Exelon Corp. and the Exelon Foundation plan to spend a combined $1 million for 10 startups working to develop technologies to mitigate and build resilience to the effects of climate change.
The utility and its philanthropic group’s funding are part of a $20 million Climate Change Investment Initiative (2c2i) planned over 10 years for early stage startups.
Startups awarded funding would be able to use Exelon’s internal innovation programs for counsel. All of the startups involve projects and people addressing climate change mitigation and building resiliency to health and environmental pressures for communities in need within Exelon’s service area.
Startup applicants were required to illustrate how their projects could advance the sustainability goals under the United States Climate Alliance for state and local jurisdictions.
“Now more than ever, it’s become clear that real, fundamental change often comes from taking action at the local level. We purposely designed the 2c2i initiative to support early-stage, often-overlooked startups with the potential to make a meaningful, on-the-ground impact on our communities’ climate goals, health and environment,” said Senior Vice President Chris Gould.
Half of the startups selected in the initial round of funding are minority- or women-owned businesses. Additionally, 60% of the projects concentrate on greenhouse gas (GHG) mitigation, 40% address resiliency and adaptation, and nine out of the 10 startups are either headquartered or already actively engaged in communities within Exelon’s service area. Each of the awardees is to receive $100,000 in direct funding.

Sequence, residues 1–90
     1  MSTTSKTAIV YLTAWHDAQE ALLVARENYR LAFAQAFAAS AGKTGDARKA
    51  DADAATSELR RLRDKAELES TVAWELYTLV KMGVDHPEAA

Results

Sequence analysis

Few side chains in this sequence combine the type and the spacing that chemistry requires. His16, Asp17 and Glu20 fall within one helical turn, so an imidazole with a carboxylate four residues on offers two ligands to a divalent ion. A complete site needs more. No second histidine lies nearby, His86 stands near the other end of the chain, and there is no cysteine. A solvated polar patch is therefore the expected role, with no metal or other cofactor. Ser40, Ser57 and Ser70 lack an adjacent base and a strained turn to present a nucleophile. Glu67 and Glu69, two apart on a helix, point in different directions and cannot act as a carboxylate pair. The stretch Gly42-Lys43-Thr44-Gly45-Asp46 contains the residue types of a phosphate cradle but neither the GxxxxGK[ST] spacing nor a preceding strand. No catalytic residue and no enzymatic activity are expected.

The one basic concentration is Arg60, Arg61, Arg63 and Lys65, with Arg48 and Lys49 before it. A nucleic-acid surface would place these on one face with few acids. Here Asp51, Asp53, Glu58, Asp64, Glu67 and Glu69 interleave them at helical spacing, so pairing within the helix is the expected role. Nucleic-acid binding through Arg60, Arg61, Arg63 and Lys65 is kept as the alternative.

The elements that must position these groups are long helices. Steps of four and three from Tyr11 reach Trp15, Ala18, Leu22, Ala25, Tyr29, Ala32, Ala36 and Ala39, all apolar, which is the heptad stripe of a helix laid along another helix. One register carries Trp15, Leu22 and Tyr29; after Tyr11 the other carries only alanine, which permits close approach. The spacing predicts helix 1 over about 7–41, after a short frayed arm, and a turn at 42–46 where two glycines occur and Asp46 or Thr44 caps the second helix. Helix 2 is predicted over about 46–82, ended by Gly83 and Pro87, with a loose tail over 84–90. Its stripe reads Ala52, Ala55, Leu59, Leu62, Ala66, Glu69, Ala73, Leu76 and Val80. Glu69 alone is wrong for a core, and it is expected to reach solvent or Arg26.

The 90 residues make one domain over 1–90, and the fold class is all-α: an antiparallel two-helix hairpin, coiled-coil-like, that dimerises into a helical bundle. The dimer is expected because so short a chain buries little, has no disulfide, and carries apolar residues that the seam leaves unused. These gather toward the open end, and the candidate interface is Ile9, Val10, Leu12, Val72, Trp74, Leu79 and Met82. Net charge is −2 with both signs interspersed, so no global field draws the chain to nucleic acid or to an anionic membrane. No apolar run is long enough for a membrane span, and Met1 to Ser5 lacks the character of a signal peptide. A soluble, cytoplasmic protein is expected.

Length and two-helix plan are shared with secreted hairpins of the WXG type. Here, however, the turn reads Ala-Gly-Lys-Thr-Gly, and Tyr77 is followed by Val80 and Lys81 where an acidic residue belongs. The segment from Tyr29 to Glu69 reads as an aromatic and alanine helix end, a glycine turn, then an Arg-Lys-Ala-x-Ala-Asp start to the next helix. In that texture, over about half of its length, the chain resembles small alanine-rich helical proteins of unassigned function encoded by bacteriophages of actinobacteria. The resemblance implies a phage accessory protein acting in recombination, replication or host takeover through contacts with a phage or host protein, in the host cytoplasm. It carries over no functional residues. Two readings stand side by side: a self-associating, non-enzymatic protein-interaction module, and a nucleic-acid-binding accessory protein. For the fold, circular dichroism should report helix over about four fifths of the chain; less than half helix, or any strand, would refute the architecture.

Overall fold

One of the startups, BlocPower, is an African American-owned technology company that developed a software platform for analyzing, financing, monitoring, and managing clean energy projects which can allow building owners to identify and complete energy efficiency and electrification upgrades in urban communities.
The Brooklyn-based startup has already finished energy projects in more than 1,000 buildings, and with Exelon’s support, BlocPower is hoping to bring similar projects to multi-family affordable housing with the Philadelphia Energy Authority.
Similarly, minority-owned startup and Kansas City-based Dynamex develops a software platform that leverages energy consumption datam which allows closer collaboration among city, community and utility stakeholders to achieve local carbon-reduction goals.
Another noteworthy startup, Chicago-based NETenergy, is a minority-owned thermal energy storage company that developed a hybrid energy storage/air conditioner technology with the potential to reduce peak energy demand by at least 50%, reduce peak energy consumption by 20%, and reduce overall energy consumption by 10% more than standard air conditioners.
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